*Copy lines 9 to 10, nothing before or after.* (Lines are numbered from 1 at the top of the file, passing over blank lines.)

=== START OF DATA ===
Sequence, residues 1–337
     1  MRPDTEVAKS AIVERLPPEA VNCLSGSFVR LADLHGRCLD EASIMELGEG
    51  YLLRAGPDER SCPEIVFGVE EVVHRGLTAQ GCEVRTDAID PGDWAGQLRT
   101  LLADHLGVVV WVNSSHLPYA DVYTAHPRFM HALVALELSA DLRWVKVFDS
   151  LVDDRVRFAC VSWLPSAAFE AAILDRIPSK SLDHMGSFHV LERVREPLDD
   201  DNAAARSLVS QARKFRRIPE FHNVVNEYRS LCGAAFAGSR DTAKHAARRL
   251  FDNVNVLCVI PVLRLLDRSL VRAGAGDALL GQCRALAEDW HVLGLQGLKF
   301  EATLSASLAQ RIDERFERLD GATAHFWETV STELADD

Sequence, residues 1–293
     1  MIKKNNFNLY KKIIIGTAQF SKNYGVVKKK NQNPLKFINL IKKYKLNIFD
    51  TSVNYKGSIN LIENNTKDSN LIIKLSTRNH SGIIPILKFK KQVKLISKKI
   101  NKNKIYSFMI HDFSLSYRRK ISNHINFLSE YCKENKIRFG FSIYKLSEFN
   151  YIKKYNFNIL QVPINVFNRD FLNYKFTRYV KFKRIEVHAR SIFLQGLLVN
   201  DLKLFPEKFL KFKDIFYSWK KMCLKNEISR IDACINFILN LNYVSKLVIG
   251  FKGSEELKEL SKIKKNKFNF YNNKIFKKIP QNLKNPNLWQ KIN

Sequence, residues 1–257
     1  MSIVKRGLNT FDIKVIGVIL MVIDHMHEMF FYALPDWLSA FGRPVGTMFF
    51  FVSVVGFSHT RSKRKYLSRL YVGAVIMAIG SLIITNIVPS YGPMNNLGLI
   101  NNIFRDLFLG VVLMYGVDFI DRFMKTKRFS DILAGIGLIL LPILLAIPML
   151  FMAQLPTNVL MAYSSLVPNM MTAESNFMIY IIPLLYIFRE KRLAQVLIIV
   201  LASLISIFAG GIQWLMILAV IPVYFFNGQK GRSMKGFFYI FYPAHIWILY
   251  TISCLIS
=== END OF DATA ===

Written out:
Sequence, residues 1–293
     1  MIKKNNFNLY KKIIIGTAQF SKNYGVVKKK NQNPLKFINL IKKYKLNIFD